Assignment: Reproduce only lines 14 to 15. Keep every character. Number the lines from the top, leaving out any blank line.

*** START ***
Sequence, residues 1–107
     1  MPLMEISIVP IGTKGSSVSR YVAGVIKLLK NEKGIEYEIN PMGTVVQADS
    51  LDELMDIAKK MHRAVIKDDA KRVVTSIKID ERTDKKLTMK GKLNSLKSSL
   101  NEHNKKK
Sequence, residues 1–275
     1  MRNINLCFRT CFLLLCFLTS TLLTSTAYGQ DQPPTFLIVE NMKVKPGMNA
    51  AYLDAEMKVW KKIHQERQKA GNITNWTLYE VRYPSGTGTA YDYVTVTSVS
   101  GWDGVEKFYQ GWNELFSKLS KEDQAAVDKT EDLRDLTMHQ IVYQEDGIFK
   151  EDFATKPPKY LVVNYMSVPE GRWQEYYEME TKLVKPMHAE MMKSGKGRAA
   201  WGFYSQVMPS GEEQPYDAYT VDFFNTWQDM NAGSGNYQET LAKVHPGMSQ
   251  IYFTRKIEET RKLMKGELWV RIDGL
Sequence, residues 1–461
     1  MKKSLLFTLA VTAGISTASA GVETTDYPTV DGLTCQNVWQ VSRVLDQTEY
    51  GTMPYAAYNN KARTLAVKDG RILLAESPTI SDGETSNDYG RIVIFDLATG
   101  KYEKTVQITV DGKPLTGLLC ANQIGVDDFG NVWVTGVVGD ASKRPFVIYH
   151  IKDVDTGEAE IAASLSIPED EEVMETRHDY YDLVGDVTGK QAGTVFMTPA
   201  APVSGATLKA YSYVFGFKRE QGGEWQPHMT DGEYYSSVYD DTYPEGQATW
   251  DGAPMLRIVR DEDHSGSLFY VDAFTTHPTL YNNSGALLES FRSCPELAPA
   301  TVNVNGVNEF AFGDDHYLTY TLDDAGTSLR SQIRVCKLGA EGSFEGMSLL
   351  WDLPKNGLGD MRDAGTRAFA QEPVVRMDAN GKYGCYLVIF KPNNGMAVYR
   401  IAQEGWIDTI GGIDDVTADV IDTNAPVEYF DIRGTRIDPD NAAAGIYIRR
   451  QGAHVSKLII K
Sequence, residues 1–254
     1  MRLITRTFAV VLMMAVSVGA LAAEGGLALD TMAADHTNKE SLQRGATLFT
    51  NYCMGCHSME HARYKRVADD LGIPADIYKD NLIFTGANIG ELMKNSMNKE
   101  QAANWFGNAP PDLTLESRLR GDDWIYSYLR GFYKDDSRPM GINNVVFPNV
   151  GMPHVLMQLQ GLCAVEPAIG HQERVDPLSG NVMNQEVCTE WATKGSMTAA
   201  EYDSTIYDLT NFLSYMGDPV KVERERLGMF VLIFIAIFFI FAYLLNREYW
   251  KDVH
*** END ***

    51  GTMPYAAYNN KARTLAVKDG RILLAESPTI SDGETSNDYG RIVIFDLATG
   101  KYEKTVQITV DGKPLTGLLC ANQIGVDDFG NVWVTGVVGD ASKRPFVIYH